Abu Dhabi to become new home of UAE T10 Cricket League

Shahid 'Boom Boom' Afridi has been one of the stars of the T10 League so far. (Getty Images)
Updated 19 March 2019
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Abu Dhabi to become new home of UAE T10 Cricket League

  • UAE League to move base from Sharjah to UAE capital.
  • Shajji Ul-Mulk, the league’s chairman, hopes move takes the newest form of the game to the next level.

LONDON: Abu Dhabi is set to become the new home of T10 cricket for the next five years, starting from this October.
The UAE-based league has been based in Sharjah for its first two editions, attracting big crowds and big-name players. England white-ball captain Eoin Morgan, West Indies all-time great Chris Gayle and Pakistan icon Shahid Afridi have all taken part in the newest — and shortest — form of the game over the past two years at the Sharjah Cricket Stadium.
That old venue is famous for holding the record number of ODIs, but the UAE capital has moved in and run out its neighbor to become T10’s new home.
For Shajji Ul-Mulk, the league’s chairman, the move could help take the format to the next level.
“We are very pleased to be moving to Sheikh Zayed Cricket Stadium, as we take one of the world’s most exciting sporting cities by storm,” Ul-Mulk said.
“The third season of T10 cricket will give over 100,000 fans the chance to see some of the biggest names in cricket battle it out on the pitch over 90 fast minutes of action.”
Abu Dhabi, while not having the rich cricketing history of its UAE northern neighbor, has hosted some Test matches, ODIs and T20s, but it is hoped that hosting the T10 league will further establish it in the minds of cricket fans as a global venue.
Matt Boucher, the acting CEO of Abu Dhabi Cricket, said: “This move to Sheikh Zayed Cricket Stadium represents a big next step in the growth of Abu Dhabi’s cricketing ecosystem, by giving fans access to a combined sports and entertainment offering through hosting all forms of the game.
“Whether it’s international Test matches or the now shortest form of cricket the game has to offer, we are continuing to be the home of the sport in the UAE.”
The T10 format — in which both sides have 10 overs to score as many runs as possible — was introduced in the UAE two years ago. In its short lifespan so far, it has already made a name for itself and has designs on going global.
Ul-Mulk has grand plans to export cricket’s latest white-ball phenomenon far and wide.
“(Cricket) boards are coming to us and it’s all about how we fit in commercially. We will probably have one more T10 in 2019; that’s our ambition,” he said last November.
“We are talking to a few boards, but it depends on how it goes. One thing is very clear: We only want to work with boards.”
Ul-Mulk did not reveal which boards he is in direct talks with, but did hint at the format having a possible future not only in traditional cricket heartlands such as England and South Africa, but also the US.
“The US market is great, the UK market is excellent for cricket, and South Africa, too, for that matter,” he said.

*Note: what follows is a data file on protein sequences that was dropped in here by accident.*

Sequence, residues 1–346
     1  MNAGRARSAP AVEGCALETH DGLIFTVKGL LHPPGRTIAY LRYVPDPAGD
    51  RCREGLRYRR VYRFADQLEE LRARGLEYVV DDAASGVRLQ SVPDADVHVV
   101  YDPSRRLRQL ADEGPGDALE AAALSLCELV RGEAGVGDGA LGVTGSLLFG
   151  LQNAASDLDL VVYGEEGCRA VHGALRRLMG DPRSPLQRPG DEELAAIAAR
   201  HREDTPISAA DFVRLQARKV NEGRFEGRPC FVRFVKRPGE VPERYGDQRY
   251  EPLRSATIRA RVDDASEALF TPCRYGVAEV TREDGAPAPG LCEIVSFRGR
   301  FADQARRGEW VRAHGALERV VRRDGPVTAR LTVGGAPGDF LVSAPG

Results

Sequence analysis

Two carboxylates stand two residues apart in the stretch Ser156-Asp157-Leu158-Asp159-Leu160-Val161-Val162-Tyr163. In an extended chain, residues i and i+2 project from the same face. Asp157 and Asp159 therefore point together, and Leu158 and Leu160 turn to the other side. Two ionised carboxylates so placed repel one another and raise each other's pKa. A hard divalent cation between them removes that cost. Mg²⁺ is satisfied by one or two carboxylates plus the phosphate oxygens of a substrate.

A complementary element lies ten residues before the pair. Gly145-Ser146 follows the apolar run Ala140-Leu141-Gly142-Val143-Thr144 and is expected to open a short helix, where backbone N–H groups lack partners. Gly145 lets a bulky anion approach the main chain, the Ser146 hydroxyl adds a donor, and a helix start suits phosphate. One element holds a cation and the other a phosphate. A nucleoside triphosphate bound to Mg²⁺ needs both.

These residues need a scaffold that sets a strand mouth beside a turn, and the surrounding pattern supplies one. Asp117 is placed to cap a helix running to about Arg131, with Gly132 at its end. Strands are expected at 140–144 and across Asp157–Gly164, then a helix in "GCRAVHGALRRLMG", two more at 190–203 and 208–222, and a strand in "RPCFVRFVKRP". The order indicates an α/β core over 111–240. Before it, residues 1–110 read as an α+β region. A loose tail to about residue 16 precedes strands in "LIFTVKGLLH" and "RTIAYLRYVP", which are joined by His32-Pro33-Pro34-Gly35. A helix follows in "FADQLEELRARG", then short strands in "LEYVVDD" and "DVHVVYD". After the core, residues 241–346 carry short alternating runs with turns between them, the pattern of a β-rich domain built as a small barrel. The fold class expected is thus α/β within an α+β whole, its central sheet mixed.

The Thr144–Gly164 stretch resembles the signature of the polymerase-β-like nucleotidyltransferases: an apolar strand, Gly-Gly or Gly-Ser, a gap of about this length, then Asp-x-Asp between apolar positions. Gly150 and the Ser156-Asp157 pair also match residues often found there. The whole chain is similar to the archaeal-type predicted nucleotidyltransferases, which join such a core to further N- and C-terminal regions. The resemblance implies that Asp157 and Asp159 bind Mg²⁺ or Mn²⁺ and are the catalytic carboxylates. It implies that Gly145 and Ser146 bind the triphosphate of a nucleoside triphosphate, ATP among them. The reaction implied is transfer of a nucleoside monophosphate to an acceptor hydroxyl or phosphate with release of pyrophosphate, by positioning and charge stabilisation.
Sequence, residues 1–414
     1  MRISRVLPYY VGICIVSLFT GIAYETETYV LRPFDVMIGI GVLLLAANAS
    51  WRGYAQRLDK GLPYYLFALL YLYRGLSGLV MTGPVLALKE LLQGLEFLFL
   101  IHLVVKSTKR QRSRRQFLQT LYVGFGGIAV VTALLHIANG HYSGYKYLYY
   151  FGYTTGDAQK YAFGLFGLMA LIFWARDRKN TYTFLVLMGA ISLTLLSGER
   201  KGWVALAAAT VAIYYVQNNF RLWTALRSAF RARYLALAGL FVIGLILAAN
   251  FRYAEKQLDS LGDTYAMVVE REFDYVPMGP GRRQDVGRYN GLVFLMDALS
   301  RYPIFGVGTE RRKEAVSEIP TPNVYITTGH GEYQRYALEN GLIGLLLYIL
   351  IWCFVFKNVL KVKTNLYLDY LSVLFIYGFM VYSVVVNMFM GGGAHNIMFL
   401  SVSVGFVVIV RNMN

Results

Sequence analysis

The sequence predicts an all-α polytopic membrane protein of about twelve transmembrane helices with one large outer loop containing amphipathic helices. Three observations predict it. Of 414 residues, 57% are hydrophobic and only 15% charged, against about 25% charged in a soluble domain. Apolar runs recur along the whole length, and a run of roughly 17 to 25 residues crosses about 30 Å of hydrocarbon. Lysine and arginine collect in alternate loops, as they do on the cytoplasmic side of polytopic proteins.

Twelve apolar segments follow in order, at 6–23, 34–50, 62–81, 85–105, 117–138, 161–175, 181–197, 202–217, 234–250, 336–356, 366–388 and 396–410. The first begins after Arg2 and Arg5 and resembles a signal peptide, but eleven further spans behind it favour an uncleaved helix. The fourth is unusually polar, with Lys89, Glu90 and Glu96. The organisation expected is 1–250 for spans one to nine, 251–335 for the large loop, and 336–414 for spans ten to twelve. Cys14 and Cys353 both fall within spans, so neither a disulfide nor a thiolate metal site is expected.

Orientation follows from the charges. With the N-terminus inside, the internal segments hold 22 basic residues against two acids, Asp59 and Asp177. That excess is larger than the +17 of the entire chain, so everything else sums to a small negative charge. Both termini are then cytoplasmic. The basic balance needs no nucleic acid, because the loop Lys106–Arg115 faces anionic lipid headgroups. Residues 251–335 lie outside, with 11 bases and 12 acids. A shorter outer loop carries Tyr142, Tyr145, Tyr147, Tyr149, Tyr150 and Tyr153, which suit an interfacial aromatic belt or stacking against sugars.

“With T10 the way it is, with 90 minutes (of) cricket, (it) actually opens up new markets that cricket doesn’t have now.
“For us, the US is one of those big markets where we feel that we can reconnect cricket there. Cricket can have a strong place in the US, which it doesn’t have at the moment.”


Saudi weightlifter Mansour Al-Saleem wins record 3 Asian gold medals

Updated 21 April 2019
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Saudi weightlifter Mansour Al-Saleem wins record 3 Asian gold medals

  • Al-Saleem won three gold medals in the snatch, jerk and combination in the 55kg weight category
  • The competition in Ningbo, in China's eastern province of Zhejiang, will continue for the next 8 days

RIYADH: Saudi national Mansour Abdulrahim Al-Saleem won three gold medals in the snatch, jerk and combination, ranking the first in the 55 kg weight category, at the Asian Weightlifting Championships in China.

He lifted 122 kilograms to head the standings, with Kazakhstan’s Arli Chontey and Malaysia’s Azroy Hazalwafie following on 113kg and 112kg, respectively.

The clean and jerk discipline saw Al-Saleem again head the leaderboard on 140kg.

Hazalwafie lifted just four kilograms less in second, while Sri Lanka’s Dilanka Isuru Kumara was third on 135kg.

Al-Saleem’s efforts in both disciplines saw him convincingly clinch the overall title with a combined 262kg.

He finished ahead of Hazalwafie on 248kg, while Chontey placed third on 246kg.

The champion set a new achievement by winning the first Asian gold medal in weightlifting for the Kingdom.

The president of the Saudi Weightlifting Federation, Mohammed Al-Harbi, thanked King Salman, Crown Prince Mohammed bin Salman, sports officials and the Saudi people for supporting the field, which led to “such a great achievement.”

Amidst an arena full of a host of Olympic and international champions, Saudi Arabia’s national anthem was played and the Kingdom’s flag was raised, as Al-Saleem praised the ability of Saudi sportsmen in all international and regional sports sectors.

A further eight days of competition will continue for the next 8 days in China's eastern city of Ningbo, in Zhejiang province. Medals will be won across 20 categories, 10 for men and 10 for women.